Croweology 101

by Liza Mitchell
The Black Crowes weren’t trying to reinvent the wheel with the release of their new CD Croweology. They just wanted to give it a fresh spin.
It’s been 20 years since the Crowe’s first debuted their raucous, southern-fried rock album Shake Your Money Maker. The new double disc Croweology is a love letter, celebrating that milestone with stripped-down acoustic renditions of such Crowes classics as ‘Remedy,’ ‘Jealous Again’ and ‘Thorn in my Pride.’
“We wanted to do something to acknowledge the fact that it has been 20 years since [we released] our first record. If it’s promoting anything, it’s the Black Crowes,” drummer Steve Gorman said in a recent telephone interview. “We didn’t want to re-release our first album. That’s like re-releasing your prom picture. We didn’t want to do a retrospective. This is something new and fresh to us. It’s a very current look back. We are a different band sonically than we were back then. We are not out to outdo or compete with the original.”
The band breathes new life into the lighter-raising ballad ‘She Talks to Angels’ as front man Chris Robinson’s soulful tones lift the melody to new heights. The old Crowes are showcasing their new tricks in an epic North American tour, offering a 90-minute “Acoustic Hors d’oeuvres” set followed by 90 minutes of “Electric Reception.” The Black Crowes will perform Tuesday, September 21 at The Florida Theatre.
Gorman said Croweology has been warmly received and the tour in support of its release ‘Say Good Night to the Bad Guys’ is going well. The band, he said, “is in a really good place” for the first time in, well, ever.
The project was cathartic for the band members whose former divide was evident even before it happened. As one of the original players, Gorman flew the coop in 2002 only to return to the nest in 2005. The brothers Robinson checked out as well, with both Chris and Rich delving into solo projects before coming back into the fold.
“If we were still those people, we would have wasted 20 years. Like any band our age, you make mistakes ands hopefully you can learn from them,” Gorman said. “It was easy to find our groove [on stage]. This is the most cohesive the band has ever been. I love where we are now and I think if you asked the rest of the band they would say the same thing.”
The Black Crowes have, indeed, risen like a phoenix from the ashes of a successful yet turbulent firestorm. The cocky bravado, fisticuffs and tales of excess that once clung to them like stale smoke have been replaced with a confidence and maturity summoned only by the Gods of experience and time.
Fences have mended, temperaments have softened but Croweology ain’t no easy listening. The musicality is still razor sharp and the “Say Good Night to the Bad Guys” tour is a cumulative anthology of one of the best rock and roll bands around. With two 90-minute sets to satisfy both the acoustic and electric palettes, the band proves that you don’t have to be bad to still be good.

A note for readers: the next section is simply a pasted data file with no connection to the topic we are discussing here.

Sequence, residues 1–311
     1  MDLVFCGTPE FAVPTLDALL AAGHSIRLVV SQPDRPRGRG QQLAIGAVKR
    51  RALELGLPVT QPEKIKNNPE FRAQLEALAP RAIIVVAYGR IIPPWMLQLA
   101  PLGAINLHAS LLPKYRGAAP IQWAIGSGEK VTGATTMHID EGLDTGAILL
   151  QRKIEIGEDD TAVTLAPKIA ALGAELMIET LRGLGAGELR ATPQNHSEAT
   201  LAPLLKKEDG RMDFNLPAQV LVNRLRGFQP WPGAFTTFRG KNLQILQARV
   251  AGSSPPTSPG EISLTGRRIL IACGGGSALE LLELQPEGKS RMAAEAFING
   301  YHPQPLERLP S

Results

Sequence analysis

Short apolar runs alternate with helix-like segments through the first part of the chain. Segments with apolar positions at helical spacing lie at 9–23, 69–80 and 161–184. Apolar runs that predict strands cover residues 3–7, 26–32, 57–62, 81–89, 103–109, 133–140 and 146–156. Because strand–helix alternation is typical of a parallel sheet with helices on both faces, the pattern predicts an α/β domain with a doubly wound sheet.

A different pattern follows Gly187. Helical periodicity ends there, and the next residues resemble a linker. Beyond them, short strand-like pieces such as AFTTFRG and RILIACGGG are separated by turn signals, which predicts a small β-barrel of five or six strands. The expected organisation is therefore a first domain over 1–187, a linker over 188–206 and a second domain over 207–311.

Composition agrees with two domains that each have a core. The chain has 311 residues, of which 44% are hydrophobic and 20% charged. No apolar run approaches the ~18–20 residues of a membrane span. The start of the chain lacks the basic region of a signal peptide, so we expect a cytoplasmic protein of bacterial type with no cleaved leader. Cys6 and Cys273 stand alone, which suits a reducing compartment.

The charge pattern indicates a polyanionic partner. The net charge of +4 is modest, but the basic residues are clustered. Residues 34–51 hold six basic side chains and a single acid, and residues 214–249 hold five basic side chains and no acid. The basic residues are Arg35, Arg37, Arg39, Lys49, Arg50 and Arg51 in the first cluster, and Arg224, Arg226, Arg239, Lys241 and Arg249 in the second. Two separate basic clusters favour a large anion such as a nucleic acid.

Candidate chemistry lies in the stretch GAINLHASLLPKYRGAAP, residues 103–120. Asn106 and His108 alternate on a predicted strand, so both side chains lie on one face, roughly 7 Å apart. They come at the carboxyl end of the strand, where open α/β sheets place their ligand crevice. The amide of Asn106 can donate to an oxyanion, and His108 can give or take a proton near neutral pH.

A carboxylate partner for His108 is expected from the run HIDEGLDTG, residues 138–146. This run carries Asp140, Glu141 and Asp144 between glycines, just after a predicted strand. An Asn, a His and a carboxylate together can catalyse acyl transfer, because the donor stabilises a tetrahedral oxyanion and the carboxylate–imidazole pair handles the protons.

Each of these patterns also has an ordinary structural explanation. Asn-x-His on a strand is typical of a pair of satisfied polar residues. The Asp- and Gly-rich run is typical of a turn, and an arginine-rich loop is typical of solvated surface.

“We are playing at some incredible venues. I am from Nashville so the Ryman [Theatre] is pretty much as good a venue as any for me. We are also closing with six nights at the Fillmore Auditorium. This is the best I’ve been at being in the moment. I’ve been very present on this tour. I’m just taking it all in day to day and really enjoying everything,” Gorman said.
“Not all of the shows have the dual components. We would love it if they did but logistically, there’s a lot that goes into that. Some venues are better suited than others. We enjoy the two-set shows and want to do as many as we can.”
Playing three hours a night and being on the road for month on end can take its toll but when the band is vibing and the crowds are feeling it, the electricity is palpable. That, Gorman said, is all the momentum he needs to keep pushing forward.
“When we get a hold of some of that momentum, we just grab it and hold on for dear life,” he said. It’s easier to get through it when you have an expiration date stamped on your forehead.”
Despite the mayhem that, for years, dragged behind the band like tattered road kill, Gorman said he has no regrets. Time has blurred the edges a bit and he’s okay with that. He’s not looking back, nor is he in a huge rush to move forward. For once, he’s content right where he is and he’s drinking in every drop.
“You go through life and yeah, when you look back and there are a handful [of mistakes] that come to mind but I’m not really one to mess with time. It never works out well in the end and it changes the continuity of your course.”
The Black Crowes will go on indefinite hiatus once the tour wraps in late December. If there are future plans in the works, Gorman either doesn’t know or doesn’t care to discuss it. His goal now is to complete the race and retire to his family for a well-earned break. What happens next is anybody’s guess.
“Once it’s done, I plan to hang out with my family but right now I am doing this. I am a Plan A-type person and right now this is my Plan A. When this ends, I will get a new Plan A. I’m not very good at multi-tasking.”